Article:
SO WHO HAS BACK PAIN?
Almost everyone has back pain at one point or another.
HOW EXACLTY DOES THE BACK WORK?
There are many structures in the lower back which can cause problems and pain.
• Vertebral bones
• In between these bones are disks which act as shock absorbers
• There are also ligaments which hold the bones together, and tendons holding muscles to bones
ARE THE DISCS CAUSING MY PAIN?
Let’s concentrate on this one specific structure first.
The disc is the most commonly injured structure in the back and could at times be very disabling.
The disc is quite fascinating because of its nerve supply. We don’t consistently get pain when we're doing damage to our backs. So keep in mind that a lack of pain is not always a good guide to how well you are treating your back.
A disc that is healthy looks a bit like a jelly donut – the interior of the disc contains the nucleus pulposus and the adjacent dough is the annulus fibrosus.
Bending or sitting, especially while slouched, spots a large quantity of force on the back and also the discs. Interestingly, work that includes heavy lifting can put just as much strain on the back as sitting.
A painful disc is one where the jam has leaked out of the dough so to speak. A prolapsed disc or disc bulge can vary in severity, from serious enough to need surgery to just causing a lower back ache.
Based on how large the “jam ” is, it can start to crush the nerves in the spinal cord which can cause symptoms like pain or pins/needles down the leg, muscle weakness, and loss of bowel or bladder control.
IT’S NOT ONLY DISCS
Let’s leave the discs for a moment. Pressure can also accumulated on the joints, ligaments, and muscles as well. For example, bending back and forth and twisting your back can place more excessive forces on the facet joints.
With regard to treatment and exercises, it is very important to understand which structures in your back have been injured in order to decide the right exercises and treatment.
OUR TOP STRATEGIES FOR PREVENTING BACK PAIN
Tip 1. Pacing
At home you don’t have to finish your chores at the same time.
You don’t have to vacuum the whole house all in one day. Mix some vacuuming with some dusting or surface cleaning up.
Change tasks. Perhaps skip a weekend to move around all the furniture in the home if you had a busy week sitting at work.
Its not unusual that a simple activity such as picking up the cat or getting up after sitting on the couch or bending over to dry your toes in the morning can be enough to “break the camel’s back”.
Tip 2. Pause
At work don’t sit for more than 30 minutes without a break.
You don’t have to go for every 30 mins walk but when you sit for a long time, you can just stand up. This could alleviate the pressure on the spine.
Practical methods include establishing a screen saver on your own computer, setting an alarm in your phone to remind you. Consider making time for “Mini-breaks” - you can have a cup of tea and a rest in between housework.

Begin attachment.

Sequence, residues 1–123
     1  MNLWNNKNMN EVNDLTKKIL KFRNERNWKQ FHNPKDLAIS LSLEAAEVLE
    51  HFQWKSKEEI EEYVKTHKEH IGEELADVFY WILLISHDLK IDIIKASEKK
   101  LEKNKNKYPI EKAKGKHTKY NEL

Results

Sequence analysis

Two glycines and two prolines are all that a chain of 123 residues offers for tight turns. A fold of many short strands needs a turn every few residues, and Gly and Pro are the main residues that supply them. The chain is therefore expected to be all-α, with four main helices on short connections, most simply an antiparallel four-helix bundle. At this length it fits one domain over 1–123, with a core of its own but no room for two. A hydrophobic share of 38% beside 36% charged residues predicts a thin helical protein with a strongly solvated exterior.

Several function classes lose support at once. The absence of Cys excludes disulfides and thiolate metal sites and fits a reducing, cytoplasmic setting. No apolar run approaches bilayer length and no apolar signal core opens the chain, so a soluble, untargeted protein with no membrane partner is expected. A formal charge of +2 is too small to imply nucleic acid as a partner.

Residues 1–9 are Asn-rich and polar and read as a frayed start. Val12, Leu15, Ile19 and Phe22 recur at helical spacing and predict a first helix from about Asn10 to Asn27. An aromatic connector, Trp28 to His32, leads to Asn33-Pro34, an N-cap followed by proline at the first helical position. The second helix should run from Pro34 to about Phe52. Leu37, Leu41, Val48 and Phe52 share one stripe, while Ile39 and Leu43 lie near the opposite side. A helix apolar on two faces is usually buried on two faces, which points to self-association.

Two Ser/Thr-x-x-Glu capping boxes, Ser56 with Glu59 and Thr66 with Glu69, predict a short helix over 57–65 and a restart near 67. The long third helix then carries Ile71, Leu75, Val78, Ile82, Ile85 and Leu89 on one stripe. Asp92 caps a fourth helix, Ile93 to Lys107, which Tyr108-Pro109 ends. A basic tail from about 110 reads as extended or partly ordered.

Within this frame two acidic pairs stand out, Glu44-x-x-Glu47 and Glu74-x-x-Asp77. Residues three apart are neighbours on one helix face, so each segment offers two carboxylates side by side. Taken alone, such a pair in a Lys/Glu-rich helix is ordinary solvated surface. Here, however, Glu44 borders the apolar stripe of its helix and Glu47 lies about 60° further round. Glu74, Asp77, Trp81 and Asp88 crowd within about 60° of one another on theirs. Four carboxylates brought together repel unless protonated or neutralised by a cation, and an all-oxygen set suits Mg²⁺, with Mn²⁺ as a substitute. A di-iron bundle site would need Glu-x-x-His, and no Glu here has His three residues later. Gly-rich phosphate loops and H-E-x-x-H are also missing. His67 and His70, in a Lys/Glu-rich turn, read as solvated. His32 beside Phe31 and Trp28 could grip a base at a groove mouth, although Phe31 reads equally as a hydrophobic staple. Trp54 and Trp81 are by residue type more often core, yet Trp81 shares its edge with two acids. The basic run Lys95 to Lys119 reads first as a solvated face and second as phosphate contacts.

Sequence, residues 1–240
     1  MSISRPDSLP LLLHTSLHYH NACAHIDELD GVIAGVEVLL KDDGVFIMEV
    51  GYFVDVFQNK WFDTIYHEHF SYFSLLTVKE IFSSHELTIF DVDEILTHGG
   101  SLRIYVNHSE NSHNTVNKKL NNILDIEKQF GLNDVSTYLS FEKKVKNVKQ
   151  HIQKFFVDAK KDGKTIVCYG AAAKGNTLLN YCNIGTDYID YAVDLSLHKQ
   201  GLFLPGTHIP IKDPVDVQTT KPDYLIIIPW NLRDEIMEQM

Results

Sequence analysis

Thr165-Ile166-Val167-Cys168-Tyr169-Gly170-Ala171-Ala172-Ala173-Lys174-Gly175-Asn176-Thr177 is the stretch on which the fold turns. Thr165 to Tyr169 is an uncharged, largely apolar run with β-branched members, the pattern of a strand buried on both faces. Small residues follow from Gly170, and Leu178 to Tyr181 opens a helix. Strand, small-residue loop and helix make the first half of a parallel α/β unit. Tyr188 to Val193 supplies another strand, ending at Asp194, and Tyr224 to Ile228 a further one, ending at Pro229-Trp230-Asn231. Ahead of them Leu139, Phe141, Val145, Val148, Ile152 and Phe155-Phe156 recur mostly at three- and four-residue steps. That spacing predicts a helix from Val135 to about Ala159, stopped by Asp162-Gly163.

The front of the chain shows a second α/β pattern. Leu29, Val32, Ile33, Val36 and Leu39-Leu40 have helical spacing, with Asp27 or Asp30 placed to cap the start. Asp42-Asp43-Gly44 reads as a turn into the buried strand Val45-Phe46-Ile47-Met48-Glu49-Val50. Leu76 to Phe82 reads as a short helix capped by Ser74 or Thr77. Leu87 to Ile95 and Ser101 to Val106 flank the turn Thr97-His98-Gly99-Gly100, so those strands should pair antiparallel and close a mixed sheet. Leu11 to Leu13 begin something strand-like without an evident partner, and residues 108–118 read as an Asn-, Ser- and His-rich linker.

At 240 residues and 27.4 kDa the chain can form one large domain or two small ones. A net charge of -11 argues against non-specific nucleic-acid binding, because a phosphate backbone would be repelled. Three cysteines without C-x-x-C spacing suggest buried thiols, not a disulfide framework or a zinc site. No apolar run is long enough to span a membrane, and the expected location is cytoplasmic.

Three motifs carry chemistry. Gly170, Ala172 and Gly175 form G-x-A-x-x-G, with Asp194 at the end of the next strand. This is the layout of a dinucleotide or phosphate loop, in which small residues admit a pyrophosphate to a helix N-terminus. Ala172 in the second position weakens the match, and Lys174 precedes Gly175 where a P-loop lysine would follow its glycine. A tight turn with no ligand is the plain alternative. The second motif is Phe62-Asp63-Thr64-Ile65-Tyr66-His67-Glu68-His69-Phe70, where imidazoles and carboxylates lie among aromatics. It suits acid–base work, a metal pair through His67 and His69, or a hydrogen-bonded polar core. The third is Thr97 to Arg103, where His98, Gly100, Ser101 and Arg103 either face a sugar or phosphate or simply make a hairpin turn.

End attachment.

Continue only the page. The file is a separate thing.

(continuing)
Bottom line, don’t be obsessed with getting it all done simultaneously.
Tip 3. Position
Think more about the kind of positions you are getting your back into every day and make an effort to minimise twisting and turning.
Your mouse should be easy to reach if at a desk. Use a laptop stand if it helps you get into a better position. An ergonomic appraisal at work it can make all the difference.
Place the laundry basket on table or a stand instead of bending on a regular basis, carry smaller loads.
Extend the height of the hoover. Lunge as an alternative to bending. Same goes with mopping – use smaller amount of water in buckets.
Utilize a kneeling stool.
Instead of bending, squat.
Utilize the hose instead of a bucket.
Bend your knees.
If you can, always plan to get a helper.
Tip 4. Perform Exercise
Reduce your chances of getting back pain with regular cardiovascular exercise.
Tip 5. Support Your Back
Support your spine in physically and anatomically:
A comfortable seat that supports your back using a cushion or lumbar rolls can be useful
With Strong Muscles
Pilates and yoga classes can be a great method to exercise your core muscles as well as keep your spine flexible.
Whether you have had back pain or you are trying to prevent it, these three exercises above are a great way to get started. Give them a try at home along with with some walking, heat/ice, and if you have mild to moderate back pain try as OTC only if needed.
The good news is that physical therapy can help in the event you have a stubborn or worsening low back pain or stiffness. The most significant thing is to have your back accurately assessed and diagnosed to find out what's causing your back pain. Don’t take guidance from your next door neighbour or your gym instructor because all back pains are not the same.
Physical therapists are specifically trained to properly evaluate your spine and determine a suitable treatment plan. We'll give you a rehabilitation program and also specific exercise recommendations to make sure you make a total recovery.
Emery Physical Therapy has Certified Orthopedic Specialists to help you recover in the event of an back injury. To learn more about our services, contact 847-786-2014 or click HERE.
Read more BLOG articles on Back Pain:
Learn more about back pain and disc problems HERE.